Governments should open space for communities to voice their preferences as equals in the design of policies on inclusion in education. In OECD countries, the share of students who felt they belonged in school fell from 82% in 2003 to 73% in 2015. Schools should increase interaction within and outside of school walls on the design and implementation of school practices through parent associations or student pairing systems. Everybody’s view should count.

5. Ensure cooperation across government departments, sectors and tiers: Inclusion in education is but a subset of social inclusion. 

Ministries sharing administrative responsibility for inclusive education must collaborate on identifying needs, exchanging information and designing programmes. A mapping of inclusive education implementation in 18 European countries showed substantial division of labour. Cross-sector collaboration can provide one-stop shops, the ideal in service delivery to individuals and households with multiple and complex needs.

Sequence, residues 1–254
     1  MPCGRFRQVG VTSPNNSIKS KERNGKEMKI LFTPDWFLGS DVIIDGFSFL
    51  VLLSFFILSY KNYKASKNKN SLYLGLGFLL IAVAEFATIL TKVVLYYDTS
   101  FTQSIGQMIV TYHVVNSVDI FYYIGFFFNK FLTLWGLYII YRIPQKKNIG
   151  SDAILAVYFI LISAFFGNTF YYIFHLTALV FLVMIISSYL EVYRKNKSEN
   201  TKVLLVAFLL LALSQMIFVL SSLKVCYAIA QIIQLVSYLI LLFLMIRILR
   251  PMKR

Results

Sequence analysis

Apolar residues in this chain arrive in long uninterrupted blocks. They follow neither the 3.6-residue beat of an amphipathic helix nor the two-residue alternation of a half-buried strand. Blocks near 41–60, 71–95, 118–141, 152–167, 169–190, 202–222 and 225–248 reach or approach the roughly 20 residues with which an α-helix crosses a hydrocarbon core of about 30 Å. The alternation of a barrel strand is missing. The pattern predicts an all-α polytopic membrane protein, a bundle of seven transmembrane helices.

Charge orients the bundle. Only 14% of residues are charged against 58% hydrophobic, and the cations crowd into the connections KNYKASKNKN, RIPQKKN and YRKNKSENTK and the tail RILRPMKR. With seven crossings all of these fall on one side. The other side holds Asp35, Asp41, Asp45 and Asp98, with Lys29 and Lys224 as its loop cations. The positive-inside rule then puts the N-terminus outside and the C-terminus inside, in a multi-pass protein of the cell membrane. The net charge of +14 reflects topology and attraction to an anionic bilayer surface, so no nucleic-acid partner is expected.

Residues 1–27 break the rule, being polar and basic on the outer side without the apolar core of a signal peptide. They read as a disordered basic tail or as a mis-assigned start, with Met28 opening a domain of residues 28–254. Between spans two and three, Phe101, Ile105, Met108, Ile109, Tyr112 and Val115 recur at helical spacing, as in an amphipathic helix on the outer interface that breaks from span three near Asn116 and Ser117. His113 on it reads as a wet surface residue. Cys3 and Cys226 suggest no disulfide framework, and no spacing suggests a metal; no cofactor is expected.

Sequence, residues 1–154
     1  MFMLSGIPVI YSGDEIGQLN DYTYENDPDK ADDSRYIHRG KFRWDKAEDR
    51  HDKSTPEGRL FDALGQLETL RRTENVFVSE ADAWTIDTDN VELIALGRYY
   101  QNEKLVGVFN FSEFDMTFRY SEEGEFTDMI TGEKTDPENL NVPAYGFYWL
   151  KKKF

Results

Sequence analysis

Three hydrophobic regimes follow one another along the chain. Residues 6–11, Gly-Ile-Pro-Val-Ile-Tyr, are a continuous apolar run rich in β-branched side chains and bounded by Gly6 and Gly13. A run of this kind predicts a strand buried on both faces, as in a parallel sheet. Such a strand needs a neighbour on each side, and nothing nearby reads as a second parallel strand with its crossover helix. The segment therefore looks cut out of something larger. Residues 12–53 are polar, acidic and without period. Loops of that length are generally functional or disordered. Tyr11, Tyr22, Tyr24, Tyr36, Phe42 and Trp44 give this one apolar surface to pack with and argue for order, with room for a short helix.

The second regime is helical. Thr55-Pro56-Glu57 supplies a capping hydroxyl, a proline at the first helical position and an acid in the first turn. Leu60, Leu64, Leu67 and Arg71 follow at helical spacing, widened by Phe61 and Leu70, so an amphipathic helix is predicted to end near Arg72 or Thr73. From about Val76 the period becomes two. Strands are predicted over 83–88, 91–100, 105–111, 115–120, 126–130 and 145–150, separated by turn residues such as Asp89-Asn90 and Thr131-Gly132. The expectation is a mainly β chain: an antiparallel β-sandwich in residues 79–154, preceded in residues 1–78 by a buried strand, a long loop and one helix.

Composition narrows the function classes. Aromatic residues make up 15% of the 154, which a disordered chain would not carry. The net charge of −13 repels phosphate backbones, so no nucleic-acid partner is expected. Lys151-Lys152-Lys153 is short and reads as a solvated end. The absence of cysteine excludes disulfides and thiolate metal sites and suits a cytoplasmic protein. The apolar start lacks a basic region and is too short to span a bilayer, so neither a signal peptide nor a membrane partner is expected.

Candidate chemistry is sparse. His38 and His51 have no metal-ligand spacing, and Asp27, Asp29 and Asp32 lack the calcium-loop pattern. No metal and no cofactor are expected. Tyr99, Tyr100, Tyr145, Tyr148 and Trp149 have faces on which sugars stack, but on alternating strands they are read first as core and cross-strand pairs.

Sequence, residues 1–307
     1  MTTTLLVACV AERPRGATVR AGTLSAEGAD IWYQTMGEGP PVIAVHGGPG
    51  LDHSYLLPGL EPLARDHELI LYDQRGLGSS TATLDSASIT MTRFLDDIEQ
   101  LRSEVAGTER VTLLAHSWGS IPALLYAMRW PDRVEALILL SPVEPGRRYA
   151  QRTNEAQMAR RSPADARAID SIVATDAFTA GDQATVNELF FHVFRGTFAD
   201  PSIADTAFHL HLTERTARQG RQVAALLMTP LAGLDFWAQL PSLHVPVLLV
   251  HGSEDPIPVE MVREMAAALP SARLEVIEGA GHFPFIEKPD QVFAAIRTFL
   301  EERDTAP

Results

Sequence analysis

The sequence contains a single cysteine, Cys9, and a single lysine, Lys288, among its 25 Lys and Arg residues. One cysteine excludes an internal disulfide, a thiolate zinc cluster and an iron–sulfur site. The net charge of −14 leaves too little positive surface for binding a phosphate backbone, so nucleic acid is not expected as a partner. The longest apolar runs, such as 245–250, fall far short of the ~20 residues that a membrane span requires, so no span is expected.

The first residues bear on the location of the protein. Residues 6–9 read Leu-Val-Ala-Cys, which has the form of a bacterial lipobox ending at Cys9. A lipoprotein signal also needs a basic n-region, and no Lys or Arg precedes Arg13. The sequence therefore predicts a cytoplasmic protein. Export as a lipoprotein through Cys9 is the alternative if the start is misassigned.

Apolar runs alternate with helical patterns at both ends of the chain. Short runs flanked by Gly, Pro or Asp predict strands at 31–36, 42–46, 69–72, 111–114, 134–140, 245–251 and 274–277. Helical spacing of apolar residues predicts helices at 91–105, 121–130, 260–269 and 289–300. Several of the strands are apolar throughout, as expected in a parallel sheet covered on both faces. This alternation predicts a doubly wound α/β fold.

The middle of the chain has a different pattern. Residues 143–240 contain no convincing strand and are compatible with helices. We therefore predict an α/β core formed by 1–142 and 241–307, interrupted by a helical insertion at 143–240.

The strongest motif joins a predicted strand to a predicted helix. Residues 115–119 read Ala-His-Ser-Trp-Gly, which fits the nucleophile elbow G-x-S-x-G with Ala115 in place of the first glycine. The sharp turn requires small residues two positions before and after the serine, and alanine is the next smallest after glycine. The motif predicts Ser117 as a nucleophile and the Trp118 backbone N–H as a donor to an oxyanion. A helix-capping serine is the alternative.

Not all programmes that target disadvantaged groups can be delivered at the same location; however, they should be linked to maximize synergies. In Colombia, social programmes are tied to multidimensional poverty index scores for each family, which they can consult to see what support they are eligible for. Some 89% of countries have school health and nutrition programmes.

Decentralization can exacerbate inequality when it does not fully take into account local governments’ uneven capacity for resource mobilization. In the United Kingdom, while the number of children and youth with an education, health and care plan rose by 33% between 2015 and 2019, funding to local councils increased by only 7%. Central governments need to ensure human and financial support for local governments to carry out clearly defined inclusive education mandates.